However, even a member of the president’s own opioid commission – former congressman Patrick J. Kennedy (D-Mass.) – hit back at the administration for “[choosing] to spotlight the actions of specific leaders within the administration, rather than any real progress they’ve made on the expert recommendations and evidence-based practices put forth by [the commission.”

“What [Conway] didn’t note was that [Trump] has failed to seriously act on most of them,” he said. We don’t need any more summits, speeches or taskforces – we need funding and action now.”

A top priority for Kennedy is increasing access to medication-assisted treatment (MAT), which, according to the National Institute on Drug Abuse “increases patient retention and decreases drug use, infectious disease transmission and criminal activity” by combining counseling with one of the three medications approved by the Food and Drug Administration – methadone, naltrexone and buprenorphine – for use in blocking opioids’ euphoric effects and relieving relapse-inducing cravings.

Kennedy praised Trump’s decision to nominate Dr. Elinore McCance-Katz – who he called “the godmother of MAT”– to run the Substance Abuse and Mental Health Services Administration, but warned of “a lot of angst” among the treatment community establishment over her advocacy of evidence-based approaches like MAT.

“It is concerning because there a lot of vested interests that are strengthened over time by a policy that isn’t evidence-based, and they have a strong voice,” he said.

Kennedy worries that the “historic prejudice against medication-assisted treatment by those who are fortunate to survive through 12-step programs” could be compounded by weak regulations and GOP policies devolving control to state and local officials, leading federal funds meant for MAT “to go where they’re really not tracking this head-on and tackling a political agenda, not a public health crisis,” noting that the majority of treatment centers are run by the “self-selecting population” for whom 12-step programs alone were sufficient.

“They figure if it worked for them it should work for anyone else, ignoring the science that an opiate-use disorder is different from recovering from alcoholism and the like,” he explained.

But McCance-Katz downplayed the idea of tension between advocates of older modes of treatment and proponents of evidence-based methods like MAT, which she called the “standard of care” for Opiate Use Disorder for its ability to prevent relapses, which can increasingly be fatal thanks to prevalence of fentanyl in street drugs.

“I don’t think we need to move away from [the 12-step] model,” she said, adding that depending on a person’s background, 12-step or faith-based methods can go “hand-in-glove” with modern evidence-based treatment.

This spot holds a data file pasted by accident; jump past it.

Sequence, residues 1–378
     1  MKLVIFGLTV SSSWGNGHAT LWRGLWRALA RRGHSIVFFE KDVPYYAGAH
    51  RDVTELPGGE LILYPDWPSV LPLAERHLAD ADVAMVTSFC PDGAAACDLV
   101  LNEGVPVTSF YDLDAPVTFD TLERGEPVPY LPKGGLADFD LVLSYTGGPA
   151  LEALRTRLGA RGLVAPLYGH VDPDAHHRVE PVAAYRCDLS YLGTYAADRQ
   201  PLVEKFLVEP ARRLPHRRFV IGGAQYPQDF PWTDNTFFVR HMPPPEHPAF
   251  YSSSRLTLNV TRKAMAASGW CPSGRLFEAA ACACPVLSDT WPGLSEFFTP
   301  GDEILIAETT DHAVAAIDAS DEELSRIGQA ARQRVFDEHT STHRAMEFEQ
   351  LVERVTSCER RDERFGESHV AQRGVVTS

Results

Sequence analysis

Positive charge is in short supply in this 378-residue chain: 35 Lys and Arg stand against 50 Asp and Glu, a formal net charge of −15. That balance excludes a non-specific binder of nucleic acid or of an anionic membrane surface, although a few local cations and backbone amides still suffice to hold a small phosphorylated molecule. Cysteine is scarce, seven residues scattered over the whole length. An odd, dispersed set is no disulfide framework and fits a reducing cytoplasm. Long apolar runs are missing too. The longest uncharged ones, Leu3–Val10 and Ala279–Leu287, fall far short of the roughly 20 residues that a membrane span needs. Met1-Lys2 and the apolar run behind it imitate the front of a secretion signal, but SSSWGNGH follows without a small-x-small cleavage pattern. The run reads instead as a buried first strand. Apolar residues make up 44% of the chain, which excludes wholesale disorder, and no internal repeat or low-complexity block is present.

While McCance-Katz admitted the impossibility of convincing MAT skeptics that they “should not be doing what they’re doing,” she was emphatic about how seriously she takes the need to teach treatment providers that a person’s life could be in danger without the proven relapse-prevention tools MAT provides.

“We are working very hard to talk to providers throughout this nation about what the standard of care is and what the evidence base is for the use of these medications…to help people avoid the situations where they may use and potentially have a fatal overdose.”


SIDEBAR: Five Signs of Quality Treatment

Quality programs should offer a full range of services accepted as effective in treatment and recovery from substance use disorders and should be matched to a person’s needs.

Use these questions to help decide about the quality of a treatment provider and the types of services offered:

  • Accreditation: Has the program been licensed or certified by the state? Is the program currently in good standing in the state? Are the staff members qualified?
  • Medication: Does the program offer FDA approved medication for recovery from alcohol and opioid use disorders? At this point in time, there are no FDA approved medications to help to prevent relapse from other problem substances.
  • Evidence‐Based Practices: Does the program offer treatments that have been proven to be effective in treating substance use disorders, including medication-assisted treatment, medication management, motivational and cognitive behavioral therapy, counseling and education? Does the program either provide or help to obtain medical care for physical health issues?
  • Families: Does the program include family members in the treatment process? Family members have an important role in understanding the impact of addiction on families and providing support.
  • Supports: Does the program provide ongoing treatment and supports beyond just treating the substance issues? Quality programs can provide long-term treatment, counseling or recovery coaching and support, and help meeting other basic needs like sober housing and employment.

If you need help with an addiction to alcohol or other drugs, the Substance Abuse and Mental Health Services Administration can help you find a place for treatment.

Visit the SAMHSA Treatment Locator at or call the SAMHSA Help Line at 800-662-HELP.




Last modified on%PM, %19 %835 %2018 %19:%Mar
back to top